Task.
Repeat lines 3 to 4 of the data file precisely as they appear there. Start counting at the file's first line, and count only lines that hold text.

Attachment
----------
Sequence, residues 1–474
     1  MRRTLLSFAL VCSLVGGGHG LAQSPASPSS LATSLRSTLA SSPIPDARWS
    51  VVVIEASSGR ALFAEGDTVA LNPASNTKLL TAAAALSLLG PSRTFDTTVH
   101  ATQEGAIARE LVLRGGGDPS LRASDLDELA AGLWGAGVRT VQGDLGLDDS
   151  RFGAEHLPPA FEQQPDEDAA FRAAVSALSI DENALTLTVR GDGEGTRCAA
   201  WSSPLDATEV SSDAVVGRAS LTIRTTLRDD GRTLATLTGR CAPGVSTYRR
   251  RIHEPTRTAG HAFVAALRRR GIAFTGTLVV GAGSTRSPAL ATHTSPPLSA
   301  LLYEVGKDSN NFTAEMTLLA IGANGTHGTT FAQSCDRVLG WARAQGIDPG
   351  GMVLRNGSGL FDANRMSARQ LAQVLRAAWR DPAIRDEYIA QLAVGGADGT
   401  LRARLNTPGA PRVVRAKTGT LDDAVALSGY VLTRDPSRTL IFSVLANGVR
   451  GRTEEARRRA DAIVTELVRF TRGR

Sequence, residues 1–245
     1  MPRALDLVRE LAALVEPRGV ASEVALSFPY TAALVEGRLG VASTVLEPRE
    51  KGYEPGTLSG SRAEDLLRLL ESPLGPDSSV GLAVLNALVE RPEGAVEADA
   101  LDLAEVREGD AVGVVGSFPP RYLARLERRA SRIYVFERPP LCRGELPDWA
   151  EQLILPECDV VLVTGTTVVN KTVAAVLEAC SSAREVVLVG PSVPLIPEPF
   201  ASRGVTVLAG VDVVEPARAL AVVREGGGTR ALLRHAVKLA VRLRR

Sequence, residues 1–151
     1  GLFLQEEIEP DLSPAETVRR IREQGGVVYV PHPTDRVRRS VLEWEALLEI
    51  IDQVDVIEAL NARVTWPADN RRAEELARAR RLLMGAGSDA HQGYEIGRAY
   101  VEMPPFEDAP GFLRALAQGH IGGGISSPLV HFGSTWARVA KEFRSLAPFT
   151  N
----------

    51  VVVIEASSGR ALFAEGDTVA LNPASNTKLL TAAAALSLLG PSRTFDTTVH
   101  ATQEGAIARE LVLRGGGDPS LRASDLDELA AGLWGAGVRT VQGDLGLDDS